The Aesthetic of Landscaping: Finding the Right Design For You
A greatly designed landscape consists of creativity, understanding, and vision. Most homeowners know the best landscape for them just by looking at it, but when it comes to creating it, they need help knowing where to begin. By finding a source of inspiration through design themes, you will be able to produce more ideas for your own home. The Main Elements of Landscape Design The concepts of landscape design vary depending on who you ask but follow a similar principle all around. It’s similar to how a graphic artist approaches a drawing project before they start—an outline. The terminology is the same; landscape design includes line, form, balance, color, and contrast. Of course, there are many other principles to consider, but they can be categorized under these five principles. Line It’s not surprising that landscape design, much like any design format, includes the basis of symmetry and structure. Line is the ultimate beginning of any design as it is necessary to provide a visual of movement or flow and the distance between structures. Lines can also be utilized to detail the length of walkways, patios, pavers, and lawns. Form One of the most important aspects of design is form signifying the shape of objects within a space. Therefore, a contractor may balance shape and proportion when exterior design to curate subtle details through the landscape. For example, plants spread along one side of a yard can feature circular shrubs with flowers planted purposely to resemble a similar shape. In addition, circular forms are often softer than rectangular ones, which gives off a professional, ordered design. Balance Proper distribution of components in a given space is essential in any composition. For example, imagine a backyard fitted with structural features, walls, and plants that follow the principles of form and line—but then, the other side of the yard is void of any design elements. This empty space would not match the rest of the composition, thus throwing off the balance of the space. Balance also considers elements' scale (size) to ensure a visually pleasing landscape. Color After the basic design features are complete, adding color brings the space together. As the seasons change, color can be versatile, fitting the fall theme, for example, by highlighting orange, dark browns, and deep greens. With landscaping, color brings out the natural beauty of it, enhancing the appeal of the space, which can be carried on into the hardscaping—natural stone, light washing, or plain gray stone can make a big difference. Contrast Contradiction in luminance, or contrast, refers to the juxtaposition of two elements next to each other to further bring out details. A good example is putting two types of natural-colored stones side by side on a retaining wall to bring out the natural color in the other. One will be visibly brighter and complement one another based on this principle. Choosing a Theme Now, it's time to choose a theme that fits your aesthetic. Based on the principles of landscaping design, you can impart these details to fit the space of your property. First, determine how much space you want to use and if you want to carry on these designs to connect with other spaces, such as the patio into the front entrance. It all depends on what you want and what style you want to go for.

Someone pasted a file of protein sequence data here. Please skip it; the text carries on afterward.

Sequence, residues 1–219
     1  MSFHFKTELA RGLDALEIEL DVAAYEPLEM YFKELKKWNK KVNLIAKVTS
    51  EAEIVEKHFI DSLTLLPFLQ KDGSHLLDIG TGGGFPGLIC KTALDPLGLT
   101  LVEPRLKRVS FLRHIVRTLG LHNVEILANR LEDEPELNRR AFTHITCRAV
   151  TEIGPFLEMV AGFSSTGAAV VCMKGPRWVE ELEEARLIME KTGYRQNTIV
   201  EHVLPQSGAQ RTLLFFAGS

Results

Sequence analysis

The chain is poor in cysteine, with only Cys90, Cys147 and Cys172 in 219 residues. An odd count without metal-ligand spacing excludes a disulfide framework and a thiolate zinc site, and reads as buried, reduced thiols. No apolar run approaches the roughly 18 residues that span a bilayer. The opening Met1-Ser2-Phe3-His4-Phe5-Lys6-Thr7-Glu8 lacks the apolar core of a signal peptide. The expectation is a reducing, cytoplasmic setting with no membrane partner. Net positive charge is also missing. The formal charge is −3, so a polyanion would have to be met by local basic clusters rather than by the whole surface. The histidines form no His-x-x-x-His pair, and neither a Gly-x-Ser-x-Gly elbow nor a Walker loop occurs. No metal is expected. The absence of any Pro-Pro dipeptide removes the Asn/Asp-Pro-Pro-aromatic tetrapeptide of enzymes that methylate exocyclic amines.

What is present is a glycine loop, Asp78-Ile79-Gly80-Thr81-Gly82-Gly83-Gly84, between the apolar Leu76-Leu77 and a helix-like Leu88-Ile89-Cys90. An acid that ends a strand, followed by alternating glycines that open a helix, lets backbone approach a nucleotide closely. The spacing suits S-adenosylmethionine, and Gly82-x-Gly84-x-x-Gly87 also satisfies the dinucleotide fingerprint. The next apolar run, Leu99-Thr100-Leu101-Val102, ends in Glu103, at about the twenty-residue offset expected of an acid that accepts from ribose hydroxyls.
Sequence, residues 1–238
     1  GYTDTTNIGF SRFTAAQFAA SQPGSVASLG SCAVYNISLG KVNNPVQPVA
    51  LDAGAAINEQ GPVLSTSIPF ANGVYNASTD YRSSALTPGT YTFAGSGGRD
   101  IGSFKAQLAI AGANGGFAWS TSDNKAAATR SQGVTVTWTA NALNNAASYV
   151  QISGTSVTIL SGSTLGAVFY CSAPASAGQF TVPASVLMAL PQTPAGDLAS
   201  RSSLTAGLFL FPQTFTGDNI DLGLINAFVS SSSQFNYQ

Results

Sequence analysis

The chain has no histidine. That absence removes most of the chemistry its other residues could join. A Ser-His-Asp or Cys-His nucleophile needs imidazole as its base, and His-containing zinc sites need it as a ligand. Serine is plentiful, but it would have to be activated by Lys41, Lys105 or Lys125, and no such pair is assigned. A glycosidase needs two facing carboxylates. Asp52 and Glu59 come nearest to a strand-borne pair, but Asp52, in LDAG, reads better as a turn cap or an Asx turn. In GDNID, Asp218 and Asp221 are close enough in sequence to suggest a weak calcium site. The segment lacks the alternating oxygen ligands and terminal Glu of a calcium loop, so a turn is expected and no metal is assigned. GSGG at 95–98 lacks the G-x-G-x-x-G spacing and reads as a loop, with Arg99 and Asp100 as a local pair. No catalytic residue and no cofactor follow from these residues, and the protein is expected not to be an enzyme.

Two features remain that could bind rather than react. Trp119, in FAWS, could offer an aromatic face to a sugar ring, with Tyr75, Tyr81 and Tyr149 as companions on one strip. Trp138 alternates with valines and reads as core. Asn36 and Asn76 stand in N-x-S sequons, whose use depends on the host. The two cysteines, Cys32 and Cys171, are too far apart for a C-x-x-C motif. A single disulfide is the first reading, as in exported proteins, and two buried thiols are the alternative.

- Rustic-themed landscapes go back to the premise of farm-styled, homey environments fit for a family.
- Minimalist themes combine a modern take on “less is more,” depicting clean designs that emphasize one or two main elements in a yard.
- Dynamic plants are perfect for homeowners who want to play around with shape and color without breaking the budget.
- Symmetrical aspects for a futuristic feel
- Highlight stone and hardscaping features.